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Blessedmom

Ftca Question

Question

Good Afternoon

I have just a quick question about FTCA statue of limitations. I have read two different things concerning the statue of limitations.

1. The statue of limitations is 2 years. Does this two year include actually sueing the government after they have, for example, denied or did not respond to the SF 95? Somewhere I read it did. But my understanding from all the other readings is this --if an act occurred on June 2009 then you have until June 2011 to sumbit an administrative claim SF 95. Please let me know if I am right or wrong. I tried finding the actually law written on it, but could not find it mentioning the 2 year frame. I am still wanting for my lawyer to submit paperwork. My husband passed in June 2009. Do I have until June 2011 to submit the SF 95? Then the government has 6 months after that to respond.

Thanks so much

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NOLO has a very brief but good explanation of FTCA and aparently they can assess a FTCA case at the link there:

"You must file within two years. You have two years from the time your claim arises to file your administrative claim with the appropriate federal agency. Because the exact date when your claim arose may be a legal issue in your case, it is important to file your administrative claim as soon as possible to avoid any chance of it being rejected as untimely."

http://www.nolo.com/legal-encyclopedia/article-29705.html

They are right as to the nuances of the Statute of Limits and the two years.

After my husband unexpectedly dropped dead , I filed my SF 95 within 3 months --- as soon as got his VA med recs and realized they caused his death.

He had filed a Section 1151 6 months prior predicting his own death and I also reopened that.

I had 2 years from death in my opinion as the Statute of Limits as this is when the claim arose.

This SOL date was never an issue with the General Counsel when they handled my case.

I wonder what your lawyer is waiting for.Does he had the complete clinical record from VA?

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Have you googled your lawyer and/or asked him/her for link to some of his successful FTCA cases?

I mentioned before that 20 dopes (ooops lawyers) turned me down years ago to handle my FTCA and one who did want to handle my case didn't know anything about FTCA and kept calling me into his office to figure out what he should do with the case.

Good thing I had no contract at all with him.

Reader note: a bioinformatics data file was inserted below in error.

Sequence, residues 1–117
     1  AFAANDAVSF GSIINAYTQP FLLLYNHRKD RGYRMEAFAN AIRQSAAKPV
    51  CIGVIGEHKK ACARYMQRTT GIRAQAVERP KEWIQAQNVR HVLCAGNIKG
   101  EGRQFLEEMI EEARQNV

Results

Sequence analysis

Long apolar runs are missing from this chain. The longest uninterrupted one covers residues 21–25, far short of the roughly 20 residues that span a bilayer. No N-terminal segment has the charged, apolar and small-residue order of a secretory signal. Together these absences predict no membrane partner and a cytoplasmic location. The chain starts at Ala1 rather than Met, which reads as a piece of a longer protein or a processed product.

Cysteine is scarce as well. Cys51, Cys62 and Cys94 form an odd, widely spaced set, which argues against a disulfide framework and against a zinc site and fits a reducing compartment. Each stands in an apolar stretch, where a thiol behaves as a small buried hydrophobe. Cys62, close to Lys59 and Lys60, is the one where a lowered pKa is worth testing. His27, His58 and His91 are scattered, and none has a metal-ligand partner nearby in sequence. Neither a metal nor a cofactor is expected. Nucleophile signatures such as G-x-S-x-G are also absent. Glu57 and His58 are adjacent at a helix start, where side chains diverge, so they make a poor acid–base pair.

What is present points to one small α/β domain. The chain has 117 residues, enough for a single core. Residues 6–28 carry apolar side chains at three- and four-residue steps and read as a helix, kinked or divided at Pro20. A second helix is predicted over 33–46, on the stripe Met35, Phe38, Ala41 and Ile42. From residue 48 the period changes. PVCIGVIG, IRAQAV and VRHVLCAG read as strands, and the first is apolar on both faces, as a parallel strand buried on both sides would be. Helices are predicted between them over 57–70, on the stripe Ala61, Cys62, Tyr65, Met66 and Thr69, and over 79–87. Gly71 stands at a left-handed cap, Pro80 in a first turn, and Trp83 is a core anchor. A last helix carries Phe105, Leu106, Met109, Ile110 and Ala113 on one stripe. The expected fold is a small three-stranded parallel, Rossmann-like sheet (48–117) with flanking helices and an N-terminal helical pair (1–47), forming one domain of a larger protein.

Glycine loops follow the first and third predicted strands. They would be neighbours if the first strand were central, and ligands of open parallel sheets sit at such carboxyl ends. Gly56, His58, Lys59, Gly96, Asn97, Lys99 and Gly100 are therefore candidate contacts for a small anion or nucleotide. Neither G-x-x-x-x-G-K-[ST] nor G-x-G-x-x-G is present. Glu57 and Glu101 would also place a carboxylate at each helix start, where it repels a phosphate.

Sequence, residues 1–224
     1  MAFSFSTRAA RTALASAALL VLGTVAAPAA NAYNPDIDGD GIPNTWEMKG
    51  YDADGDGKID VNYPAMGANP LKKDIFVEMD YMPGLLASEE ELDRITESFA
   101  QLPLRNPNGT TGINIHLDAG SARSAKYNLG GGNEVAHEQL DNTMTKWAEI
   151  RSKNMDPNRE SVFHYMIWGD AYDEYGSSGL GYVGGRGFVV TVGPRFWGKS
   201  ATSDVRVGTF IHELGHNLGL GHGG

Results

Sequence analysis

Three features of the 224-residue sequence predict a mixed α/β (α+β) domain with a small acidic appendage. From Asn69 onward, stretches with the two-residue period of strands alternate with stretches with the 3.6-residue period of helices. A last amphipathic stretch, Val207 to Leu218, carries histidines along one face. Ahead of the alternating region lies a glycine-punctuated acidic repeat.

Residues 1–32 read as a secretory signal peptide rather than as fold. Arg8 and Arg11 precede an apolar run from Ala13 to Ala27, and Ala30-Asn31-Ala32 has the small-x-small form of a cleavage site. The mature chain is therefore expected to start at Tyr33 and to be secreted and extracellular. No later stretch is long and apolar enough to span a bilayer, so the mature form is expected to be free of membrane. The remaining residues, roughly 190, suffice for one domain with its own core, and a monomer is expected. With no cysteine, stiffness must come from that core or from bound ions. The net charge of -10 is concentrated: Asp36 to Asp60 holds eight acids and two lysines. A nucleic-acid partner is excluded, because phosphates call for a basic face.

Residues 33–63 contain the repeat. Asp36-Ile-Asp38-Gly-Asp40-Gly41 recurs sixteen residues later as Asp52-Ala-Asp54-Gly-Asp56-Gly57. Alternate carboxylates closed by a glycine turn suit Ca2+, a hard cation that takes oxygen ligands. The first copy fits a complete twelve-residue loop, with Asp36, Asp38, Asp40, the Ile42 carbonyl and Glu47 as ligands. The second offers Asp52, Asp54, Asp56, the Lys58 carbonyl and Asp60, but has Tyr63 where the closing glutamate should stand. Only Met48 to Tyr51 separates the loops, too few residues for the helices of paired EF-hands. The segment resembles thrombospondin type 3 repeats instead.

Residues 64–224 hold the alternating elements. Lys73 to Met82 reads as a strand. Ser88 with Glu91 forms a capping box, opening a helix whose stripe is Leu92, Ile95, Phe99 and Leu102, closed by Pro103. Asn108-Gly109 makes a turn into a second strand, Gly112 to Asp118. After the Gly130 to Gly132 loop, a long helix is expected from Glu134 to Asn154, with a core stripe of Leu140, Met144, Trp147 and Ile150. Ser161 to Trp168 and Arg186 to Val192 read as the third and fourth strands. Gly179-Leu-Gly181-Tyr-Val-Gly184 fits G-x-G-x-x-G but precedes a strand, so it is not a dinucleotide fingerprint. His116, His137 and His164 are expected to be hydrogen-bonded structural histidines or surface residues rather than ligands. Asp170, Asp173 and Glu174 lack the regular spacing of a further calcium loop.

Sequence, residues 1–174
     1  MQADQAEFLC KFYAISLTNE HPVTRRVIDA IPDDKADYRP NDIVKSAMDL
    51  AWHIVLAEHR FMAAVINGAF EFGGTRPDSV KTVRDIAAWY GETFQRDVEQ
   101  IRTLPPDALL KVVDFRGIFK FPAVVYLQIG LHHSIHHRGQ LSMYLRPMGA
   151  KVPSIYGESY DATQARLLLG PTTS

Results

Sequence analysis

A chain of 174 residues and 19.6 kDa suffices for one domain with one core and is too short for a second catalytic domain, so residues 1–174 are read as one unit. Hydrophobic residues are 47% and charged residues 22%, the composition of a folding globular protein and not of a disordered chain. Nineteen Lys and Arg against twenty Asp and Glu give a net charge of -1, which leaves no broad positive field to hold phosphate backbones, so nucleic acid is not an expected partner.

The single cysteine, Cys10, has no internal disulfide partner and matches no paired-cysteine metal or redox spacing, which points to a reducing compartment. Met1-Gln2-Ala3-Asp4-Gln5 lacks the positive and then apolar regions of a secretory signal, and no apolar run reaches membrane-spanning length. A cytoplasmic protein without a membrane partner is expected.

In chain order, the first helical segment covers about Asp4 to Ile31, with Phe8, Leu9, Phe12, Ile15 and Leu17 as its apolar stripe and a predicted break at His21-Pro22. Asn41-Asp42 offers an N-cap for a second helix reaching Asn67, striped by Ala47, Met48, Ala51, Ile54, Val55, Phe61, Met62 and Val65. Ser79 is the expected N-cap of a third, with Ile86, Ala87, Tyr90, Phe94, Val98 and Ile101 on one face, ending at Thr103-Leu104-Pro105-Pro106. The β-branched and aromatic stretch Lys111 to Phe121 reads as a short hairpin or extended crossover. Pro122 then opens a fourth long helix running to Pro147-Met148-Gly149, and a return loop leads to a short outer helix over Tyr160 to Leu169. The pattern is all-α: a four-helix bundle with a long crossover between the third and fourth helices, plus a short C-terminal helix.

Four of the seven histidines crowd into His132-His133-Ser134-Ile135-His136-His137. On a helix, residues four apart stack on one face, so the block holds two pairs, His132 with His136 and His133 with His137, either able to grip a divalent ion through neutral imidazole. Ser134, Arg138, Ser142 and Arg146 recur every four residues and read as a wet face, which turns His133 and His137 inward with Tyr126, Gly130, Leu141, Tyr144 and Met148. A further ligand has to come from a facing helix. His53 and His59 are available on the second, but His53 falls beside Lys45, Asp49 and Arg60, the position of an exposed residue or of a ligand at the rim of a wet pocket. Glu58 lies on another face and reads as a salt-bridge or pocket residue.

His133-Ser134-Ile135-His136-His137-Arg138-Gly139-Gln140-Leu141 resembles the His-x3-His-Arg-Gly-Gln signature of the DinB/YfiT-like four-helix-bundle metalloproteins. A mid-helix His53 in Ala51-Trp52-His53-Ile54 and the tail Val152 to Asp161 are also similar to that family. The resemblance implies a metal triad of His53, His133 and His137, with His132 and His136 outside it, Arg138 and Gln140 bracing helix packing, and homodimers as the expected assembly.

When I filed A writ at the court years ago-the renown vet's lawyer Ken Carpenter called me up.

I asked him point blank for some COVA cases he handled and he gave me a list.He is one of the BEST for VA claims at BVA/CAVC.

A lawyer with FTCA experience and some good awards under their belt will not be offended if you ask them about their expertise.

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I believe the claimant has two years FROM WHEN THEY BECOME AWARE, that a tort had been committed,

to file the claim in federal court.

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Carlie- this is what I always held to for FTCA. Two years from awareness of malpractice.

But VA lawyers are incredibly smart- I have very high respect for them even though they were adversaries to me.

Early this year I had to fight with them again on something I knew I would succeed on.Throughout this ordeal I must admit I was thrilled to talk again to some of them who had worked on my FTCA case.

VA lawyers know 38 USC in and out and backwards-intellect we just dont find at many ROs.

They are smart as can be so we have to be smarter and if filing FTCA-a claimant these days needs the best lawyer they can get.

When a FTCA claimant becomes aware of malpractice and holds to that date on a SF 95 ,this can be a SOL bone of contention to the VA.

For example-I had a meeting with the VAMC Director 6 months before my husband died regarding some of my concerns as to his PTSD treatment. Had I waiting 2 years past that meeting date to file FTCA ,they could have said my case was out of the SOL.

I was not aware of documented malpractice at that time -only some medical errors they had corrected already-

Oddly enough I ended up using the director's notations in the C file for my FTCA claim.He had recommended another improper medication and luckily no one prescribed it.

The VA lawyers will attack a FTCA case in any way they can. That is their job.

This spouse's lawyer might well have very good reason for not determining the SOL date yet for the SF 95 and I was too tough on them here-and it does appear this widow has plenty of time.I apologize for that.

A lawyer will need to review the entire clinical record to determine the SOL and then file the claim accordingly.

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Berta,

You really had me going for a moment.

At first, without reviewing the entire thread I was taking SOL

to mean sheet out of luck :-)

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